When running your own business it is easy for daily problems to get in the way of “boring bookkeeping”, with many putting it off until the end of the month or even less frequently.
Unfortunately, neglecting your numbers will ultimately cause serious problems for your business and own finances, particularly as many common financial problems are foreseeable, and some are inadvertently self-inflicted.
Cashflow problems are the biggest killer of small businesses, with recent research showing that over 70 per cent of SME owners see it as their biggest threat.
Here are key financial challenges that small owner-managed businesses face, and how to mitigate or avoid them:
Don’t mistake the business’s money for your own
It is easy to think things are going well, especially when there is lots of money in the bank, so you dip into the business bank account for life’s luxuries and emergencies. But running your business only based on looking at the bank statement is heading for disaster as much of this money may not be yours.
Be rigorous about keeping your business’s finances secure by only paying what you can afford after a thorough analysis of future bills and tax payments.
Apply the 80/20 rule to your customers
Often 80 per cent of your time will be spent on 20 per cent of your customers but problems arrive when it is low-spending, unprofitable ones who are the most demanding. Yes, you don’t want to turn away money, but you may well be making a loss on them once all the costs are considered.
Either way, they are holding you back by consuming your time. Make sure you know who they are, for instance through analysing timesheets and their spend. Aim to get rid of them!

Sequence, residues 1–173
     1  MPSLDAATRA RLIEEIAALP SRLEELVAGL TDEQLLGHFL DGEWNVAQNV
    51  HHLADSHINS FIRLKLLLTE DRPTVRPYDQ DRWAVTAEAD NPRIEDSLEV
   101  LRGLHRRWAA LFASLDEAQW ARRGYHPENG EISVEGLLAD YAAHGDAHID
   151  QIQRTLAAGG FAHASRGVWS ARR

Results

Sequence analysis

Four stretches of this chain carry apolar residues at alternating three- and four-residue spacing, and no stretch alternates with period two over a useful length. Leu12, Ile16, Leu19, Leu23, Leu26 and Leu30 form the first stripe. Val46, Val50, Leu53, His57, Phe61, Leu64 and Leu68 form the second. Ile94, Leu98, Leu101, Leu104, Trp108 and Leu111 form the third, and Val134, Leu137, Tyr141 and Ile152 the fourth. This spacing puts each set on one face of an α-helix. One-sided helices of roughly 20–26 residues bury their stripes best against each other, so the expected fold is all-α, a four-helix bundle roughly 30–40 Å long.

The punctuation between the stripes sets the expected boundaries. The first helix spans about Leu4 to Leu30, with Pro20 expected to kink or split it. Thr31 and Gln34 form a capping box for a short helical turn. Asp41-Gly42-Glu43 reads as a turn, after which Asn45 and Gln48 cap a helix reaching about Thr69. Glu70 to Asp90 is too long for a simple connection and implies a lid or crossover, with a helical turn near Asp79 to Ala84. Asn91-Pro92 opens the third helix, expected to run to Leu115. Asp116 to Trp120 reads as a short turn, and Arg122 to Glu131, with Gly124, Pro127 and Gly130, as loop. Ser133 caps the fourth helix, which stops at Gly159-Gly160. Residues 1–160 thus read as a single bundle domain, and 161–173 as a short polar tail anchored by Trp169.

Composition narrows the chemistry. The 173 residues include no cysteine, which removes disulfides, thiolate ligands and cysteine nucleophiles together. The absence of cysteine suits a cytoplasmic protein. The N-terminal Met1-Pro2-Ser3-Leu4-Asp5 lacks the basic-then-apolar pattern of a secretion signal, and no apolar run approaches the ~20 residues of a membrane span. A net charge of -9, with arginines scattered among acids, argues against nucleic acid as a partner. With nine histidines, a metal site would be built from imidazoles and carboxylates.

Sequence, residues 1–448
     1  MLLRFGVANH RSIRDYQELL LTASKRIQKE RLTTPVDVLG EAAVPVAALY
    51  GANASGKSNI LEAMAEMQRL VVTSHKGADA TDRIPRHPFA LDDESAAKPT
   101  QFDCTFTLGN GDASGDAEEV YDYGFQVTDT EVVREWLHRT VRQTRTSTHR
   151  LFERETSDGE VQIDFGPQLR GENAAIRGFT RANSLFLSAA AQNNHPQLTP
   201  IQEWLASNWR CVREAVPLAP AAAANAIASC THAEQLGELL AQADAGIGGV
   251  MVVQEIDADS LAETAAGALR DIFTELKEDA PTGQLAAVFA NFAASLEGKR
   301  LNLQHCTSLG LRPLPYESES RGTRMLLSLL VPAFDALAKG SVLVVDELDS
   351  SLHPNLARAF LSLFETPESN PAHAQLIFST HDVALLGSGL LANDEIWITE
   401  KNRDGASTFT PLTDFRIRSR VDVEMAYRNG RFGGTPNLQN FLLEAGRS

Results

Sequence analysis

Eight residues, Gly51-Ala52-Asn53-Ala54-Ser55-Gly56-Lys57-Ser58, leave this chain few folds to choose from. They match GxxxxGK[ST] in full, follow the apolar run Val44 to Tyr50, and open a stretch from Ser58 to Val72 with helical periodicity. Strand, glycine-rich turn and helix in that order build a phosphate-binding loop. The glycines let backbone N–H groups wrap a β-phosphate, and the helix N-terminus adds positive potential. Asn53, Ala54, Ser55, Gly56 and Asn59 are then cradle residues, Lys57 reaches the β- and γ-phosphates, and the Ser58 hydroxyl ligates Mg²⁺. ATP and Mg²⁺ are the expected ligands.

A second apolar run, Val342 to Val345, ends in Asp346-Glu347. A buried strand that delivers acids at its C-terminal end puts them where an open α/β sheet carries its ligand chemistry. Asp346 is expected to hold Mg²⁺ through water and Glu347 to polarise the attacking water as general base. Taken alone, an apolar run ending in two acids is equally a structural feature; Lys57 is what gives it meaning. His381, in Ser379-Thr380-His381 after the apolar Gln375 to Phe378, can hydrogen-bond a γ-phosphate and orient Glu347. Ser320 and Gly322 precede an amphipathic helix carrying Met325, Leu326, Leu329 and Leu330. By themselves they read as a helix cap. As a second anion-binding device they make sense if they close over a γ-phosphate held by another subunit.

Don’t grow too quickly
Many businesses that go bust are profitable but have hit financial problems through taking on too many projects or employees, causing their cash to run out before payments have been received. Keeping a tight control of sales, and checking their impact with your cashflow forecast, is key to avoiding this avoid this, especially when you are putting in low prices to gain volume.
Beware big customers
It is easy to end up with one or two big clients. Great in the short term, but they are a huge risk as they will inevitably disappear leaving you with higher overheads and potentially large debts… just think of Carillion’s suppliers.
Keep an eye on such customers, especially any accounting for more than 20 per cent of your income. Ensure you reduce the risk by diversifying and getting a broader client base.
Be hot on payment terms and collecting
If a customer takes 70 days to pay, which is the average wait for many businesses, you have to carry the materials, staff and VAT costs for at least two months before getting paid; a big burden on any business.
Instead, get as much money from customers upfront or in phases. Start chasing invoices with gentle reminders before they are due. We all hate chasing, so automate this with your bookkeeping software. Chase promptly by phone and email as soon as they are due.
Remember, the older an unpaid invoice gets, the lower your chance getting paid.